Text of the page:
Talladega is special to Wayne Wilson because the city is home to two of his favorite places — the Presbyterian Home for Children and Talladega Superspeedway.
Wilson personally witnessed the track develop from a dirt field to the nationally renowned NASCAR site it is today. As a teenager in 1969, Wilson drove a water truck for a construction company that built the Talladega Superspeedway, spreading water on the dirt track so that construction could continue for the construction workers, who were working in six inches of dust at times.
Wilson was fortunate enough to attend the very first race at Talladega Superspeedway, and later in the 1990s, he helped construct three of the towers on the course as well as build additions to the Hall of Fame and the Talladega Superspeedway sign. He has met many of the early NASCAR drivers, and his favorite recent memory is participating in a NASCAR Ride Along, which has been on his “bucket list” for years.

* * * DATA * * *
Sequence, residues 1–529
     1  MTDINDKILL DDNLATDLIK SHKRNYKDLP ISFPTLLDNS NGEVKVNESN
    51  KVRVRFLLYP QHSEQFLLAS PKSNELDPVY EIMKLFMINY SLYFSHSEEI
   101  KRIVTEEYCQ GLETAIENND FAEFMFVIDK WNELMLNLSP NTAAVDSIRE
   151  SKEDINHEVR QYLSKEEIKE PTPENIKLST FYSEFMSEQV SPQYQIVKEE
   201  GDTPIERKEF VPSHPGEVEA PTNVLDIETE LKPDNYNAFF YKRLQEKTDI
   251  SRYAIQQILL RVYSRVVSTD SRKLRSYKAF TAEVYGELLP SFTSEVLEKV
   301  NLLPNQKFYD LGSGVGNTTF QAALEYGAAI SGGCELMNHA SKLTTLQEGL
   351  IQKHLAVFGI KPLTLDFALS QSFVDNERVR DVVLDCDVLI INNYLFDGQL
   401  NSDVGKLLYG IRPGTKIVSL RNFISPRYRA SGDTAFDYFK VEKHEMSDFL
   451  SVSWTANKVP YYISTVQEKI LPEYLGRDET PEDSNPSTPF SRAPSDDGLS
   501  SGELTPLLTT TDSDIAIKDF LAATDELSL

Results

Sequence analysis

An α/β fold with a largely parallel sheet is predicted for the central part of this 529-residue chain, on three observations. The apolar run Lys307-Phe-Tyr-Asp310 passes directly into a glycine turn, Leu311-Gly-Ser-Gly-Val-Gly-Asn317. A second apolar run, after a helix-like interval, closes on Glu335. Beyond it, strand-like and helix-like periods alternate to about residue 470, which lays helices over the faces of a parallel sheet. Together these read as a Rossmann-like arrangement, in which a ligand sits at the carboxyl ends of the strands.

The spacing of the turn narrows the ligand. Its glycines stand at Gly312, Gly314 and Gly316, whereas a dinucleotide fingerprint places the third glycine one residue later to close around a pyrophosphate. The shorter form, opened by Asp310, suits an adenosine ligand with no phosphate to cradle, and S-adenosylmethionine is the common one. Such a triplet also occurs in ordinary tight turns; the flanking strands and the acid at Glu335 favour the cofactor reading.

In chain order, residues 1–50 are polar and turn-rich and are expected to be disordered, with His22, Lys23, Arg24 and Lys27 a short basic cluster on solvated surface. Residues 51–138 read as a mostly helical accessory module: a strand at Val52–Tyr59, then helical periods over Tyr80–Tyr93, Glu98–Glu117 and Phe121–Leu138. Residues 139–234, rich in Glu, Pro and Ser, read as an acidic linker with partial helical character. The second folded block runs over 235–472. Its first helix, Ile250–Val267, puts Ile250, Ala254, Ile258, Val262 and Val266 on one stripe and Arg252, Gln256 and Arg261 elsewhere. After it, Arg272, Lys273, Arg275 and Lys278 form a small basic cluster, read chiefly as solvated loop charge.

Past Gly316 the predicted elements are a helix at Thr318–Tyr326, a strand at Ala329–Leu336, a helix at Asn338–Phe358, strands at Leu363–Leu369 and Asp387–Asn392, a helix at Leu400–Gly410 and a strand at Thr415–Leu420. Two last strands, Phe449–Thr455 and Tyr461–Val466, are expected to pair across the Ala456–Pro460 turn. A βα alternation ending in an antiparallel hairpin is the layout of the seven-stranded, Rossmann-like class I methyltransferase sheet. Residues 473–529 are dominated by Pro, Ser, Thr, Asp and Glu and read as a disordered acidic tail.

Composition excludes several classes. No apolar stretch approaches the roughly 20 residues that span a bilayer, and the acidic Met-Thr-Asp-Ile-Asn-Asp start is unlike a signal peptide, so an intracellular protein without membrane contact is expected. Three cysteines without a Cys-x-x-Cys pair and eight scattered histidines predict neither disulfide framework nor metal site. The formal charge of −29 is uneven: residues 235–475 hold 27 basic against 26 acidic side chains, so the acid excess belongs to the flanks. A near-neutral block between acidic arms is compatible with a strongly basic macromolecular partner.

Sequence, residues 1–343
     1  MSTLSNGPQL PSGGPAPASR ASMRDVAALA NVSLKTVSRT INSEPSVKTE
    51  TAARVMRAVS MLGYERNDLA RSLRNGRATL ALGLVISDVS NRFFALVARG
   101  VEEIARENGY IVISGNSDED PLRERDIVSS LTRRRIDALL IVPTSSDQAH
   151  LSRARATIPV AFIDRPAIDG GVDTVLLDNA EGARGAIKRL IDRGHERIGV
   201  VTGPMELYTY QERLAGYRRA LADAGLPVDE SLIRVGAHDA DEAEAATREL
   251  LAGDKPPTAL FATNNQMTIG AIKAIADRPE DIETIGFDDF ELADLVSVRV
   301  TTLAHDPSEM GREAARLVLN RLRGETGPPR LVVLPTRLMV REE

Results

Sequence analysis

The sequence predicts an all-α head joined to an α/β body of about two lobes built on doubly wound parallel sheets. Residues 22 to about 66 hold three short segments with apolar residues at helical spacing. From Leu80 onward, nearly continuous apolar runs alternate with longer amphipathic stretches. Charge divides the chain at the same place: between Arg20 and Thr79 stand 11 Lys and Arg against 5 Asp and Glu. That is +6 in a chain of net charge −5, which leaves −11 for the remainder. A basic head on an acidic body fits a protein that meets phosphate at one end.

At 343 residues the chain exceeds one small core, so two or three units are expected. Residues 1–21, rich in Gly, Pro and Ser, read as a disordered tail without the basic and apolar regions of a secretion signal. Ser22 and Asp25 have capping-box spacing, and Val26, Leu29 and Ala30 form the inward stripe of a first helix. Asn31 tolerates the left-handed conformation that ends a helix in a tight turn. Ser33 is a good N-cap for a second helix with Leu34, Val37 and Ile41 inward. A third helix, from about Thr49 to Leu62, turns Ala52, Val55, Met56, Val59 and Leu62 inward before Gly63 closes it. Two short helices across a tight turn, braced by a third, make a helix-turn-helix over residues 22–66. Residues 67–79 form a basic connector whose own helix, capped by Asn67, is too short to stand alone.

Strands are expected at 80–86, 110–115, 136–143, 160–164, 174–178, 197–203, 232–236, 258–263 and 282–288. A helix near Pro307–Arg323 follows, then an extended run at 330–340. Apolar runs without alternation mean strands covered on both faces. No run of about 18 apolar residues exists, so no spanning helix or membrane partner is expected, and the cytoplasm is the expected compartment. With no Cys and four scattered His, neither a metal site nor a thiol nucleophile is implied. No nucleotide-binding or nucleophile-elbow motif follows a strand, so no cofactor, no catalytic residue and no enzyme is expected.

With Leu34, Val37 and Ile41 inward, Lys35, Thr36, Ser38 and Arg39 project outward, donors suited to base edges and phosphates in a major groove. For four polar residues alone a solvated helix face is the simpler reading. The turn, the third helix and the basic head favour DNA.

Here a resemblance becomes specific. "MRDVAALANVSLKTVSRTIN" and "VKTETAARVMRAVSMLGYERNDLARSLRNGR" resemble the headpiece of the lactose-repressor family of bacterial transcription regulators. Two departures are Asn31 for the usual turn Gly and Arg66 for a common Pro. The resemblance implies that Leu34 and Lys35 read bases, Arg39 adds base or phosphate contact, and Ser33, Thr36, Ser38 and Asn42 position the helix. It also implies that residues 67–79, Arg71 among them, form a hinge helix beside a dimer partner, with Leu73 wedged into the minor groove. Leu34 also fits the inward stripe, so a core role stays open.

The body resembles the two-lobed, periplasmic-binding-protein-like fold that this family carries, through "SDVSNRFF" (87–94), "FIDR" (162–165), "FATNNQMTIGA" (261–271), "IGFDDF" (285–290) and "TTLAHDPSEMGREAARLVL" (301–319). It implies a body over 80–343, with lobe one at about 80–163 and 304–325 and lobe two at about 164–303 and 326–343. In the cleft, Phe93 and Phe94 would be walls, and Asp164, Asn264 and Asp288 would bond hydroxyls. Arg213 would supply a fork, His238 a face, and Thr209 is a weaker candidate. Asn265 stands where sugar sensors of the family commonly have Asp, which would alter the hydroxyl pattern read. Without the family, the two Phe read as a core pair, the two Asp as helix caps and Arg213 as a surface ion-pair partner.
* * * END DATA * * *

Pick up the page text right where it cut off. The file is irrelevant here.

Wilson also has a special place in his heart for the Presbyterian Home for Children in Talladega. He worked there from 2001-17 and has volunteered many hours to improving the facility and to mentoring youth on the campus. The Home is one of the few organizations in the state caring for Alabama’s homeless boys and girls, along with their female caregivers in its Secure Dwellings Program.
In its Moderate Residential Care Therapeutic Program, the Home also serves teenage girls who have experienced extreme trauma or neglect. In addition, the Home serves young female adults in crisis through its Transition to Adult Living Program and families in crisis over seven counties through its In-Home Intensive Services, Family Bridges.
While Wayne’s heroes are NASCAR drivers, Wayne is a hero at the Home, where he was known by all the children as PawPaw.